3)Stop the water. All other attempts to clean and kill the mold will be futile. This is key.
a. There are 5 main ways moisture enters and damages buildings. The first is from ground water intrusion. Dig French drains and/or excavate out the foundation and water proof. The second is a system failure from a leaky pipe or plumbing issue. The third is from an envelope failure in the shell of the building. This happens especially at roof flashing points, windows, and other breaks/changes in the envelope. The forth is from insects nesting inside wall cavities. The fifth is the biggest and it’s the one that gets most people. It is from relative humidity condensation on cooler surfaces. Basements are very prone to this. Mold can grow at 60% RH and will surely be growing at anything above 70% RH. Get a copy of the book “My house is killing me.” By Jeff May.
b.An industrial hygienist is going to cost around 1-2 thousand dollars if he has to fall back on air samples to locate the sources. They’ll cost a few hundred dollars if they can find it with other tools. The mold sniffing dog will cost several hundred dollars, but it may very well be the easiest tool to help your discovery.
4)Containment procedures must be taken prior to remediation. You will be dealing with toxic waste that will cross contaminate the builing if not taken care of properly. Consider air pathways, pressure differentials, and where the negative pressure containment tents will be placed. Keep dust to a minimum. Double bag all debris that leaves via the clean areas if it can’t be directly ejected to an outside bin. Clean your suit, respiration masks(quality air masks; not the cheap ones on a rubber band), and tools when leaving the area.
5)Remediate the damaged materials. Physical removal of contamination is the preferred method. Encapsulation, fungicides, and inhibiters rarely work for active issues. They almost always only work after the active moisture issues are solved and the bulk of toxic waste has been removed. Seal all cracks from dead air spaces, around windows, trim, and openings in walls. Balance the air pressures created from HVAC between rooms.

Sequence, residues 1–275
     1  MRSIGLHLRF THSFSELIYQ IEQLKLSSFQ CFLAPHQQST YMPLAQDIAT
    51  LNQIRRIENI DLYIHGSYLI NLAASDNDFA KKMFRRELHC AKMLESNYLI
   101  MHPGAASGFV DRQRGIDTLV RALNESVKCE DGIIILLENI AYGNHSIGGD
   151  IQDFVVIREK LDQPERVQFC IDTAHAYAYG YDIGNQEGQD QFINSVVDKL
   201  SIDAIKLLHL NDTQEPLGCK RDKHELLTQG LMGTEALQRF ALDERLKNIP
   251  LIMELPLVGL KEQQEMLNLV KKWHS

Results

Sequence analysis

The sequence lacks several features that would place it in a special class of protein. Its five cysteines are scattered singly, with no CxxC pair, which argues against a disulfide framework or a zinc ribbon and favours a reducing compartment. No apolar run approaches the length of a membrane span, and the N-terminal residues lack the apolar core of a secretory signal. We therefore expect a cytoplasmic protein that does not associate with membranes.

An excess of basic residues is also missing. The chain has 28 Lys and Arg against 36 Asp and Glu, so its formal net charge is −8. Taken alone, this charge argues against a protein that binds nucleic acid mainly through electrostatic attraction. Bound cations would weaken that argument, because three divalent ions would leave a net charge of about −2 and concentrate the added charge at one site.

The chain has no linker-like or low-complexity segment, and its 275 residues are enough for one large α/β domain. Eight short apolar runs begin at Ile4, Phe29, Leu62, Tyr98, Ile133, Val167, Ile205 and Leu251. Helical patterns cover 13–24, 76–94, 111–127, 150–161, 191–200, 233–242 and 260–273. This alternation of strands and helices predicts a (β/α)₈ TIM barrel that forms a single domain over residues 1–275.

6)Decontaminate the rest of the building. Get a HEPA quality vacuum. Get plenty of sponges and mops for damp wiping. Have clean buckets and rinse buckets for the sponges. Determine if contents should be cleaned, disposed, or preserved. Porous items are difficult to clean and should be disposed if directly contaminated. Non porous items can almost always be cleaned or restored. HEPA vacuum, laundry, and/or damp wipe every square inch of the contents and interior of the building. Biotoxins will count into the trillions inside water damaged building and they bind into the dust. Every single last dust fragment must be removed. Visit step 2 if this is too daunting of a task. Remember that the HVAC system has also been compromised and must be cleaned. Do not use biocides in the HVAC system.
7)Post remediation analysis. White glove and smell tests are very useful. Take an ERMI to verify success.
8)Now for the hard part if your health does not return. Purchase the book “Surviving Mold” by Ritchie Shoemaker. Go to page 707 and follow his instructions. 1 out of 4 humans has the genetic potential to become severely damaged from biotoxins. People who have CFS, IBS, FM, RLS, depression, and other multi symptom multi system diseases are prime candidates to investigate this issue.
a.List your issues. Take the blood tests recommended for a baseline.
b.Use the ERMI.
c.Get away from exposure.
d.Take cholestyramine to remove biotoxins.
e.Get the nasal culture and remove MARCONS if present.
f.Schedule an appointment with Shoemaker from this point on if you are still suffering. There are several more steps.
9)Welcome back to life.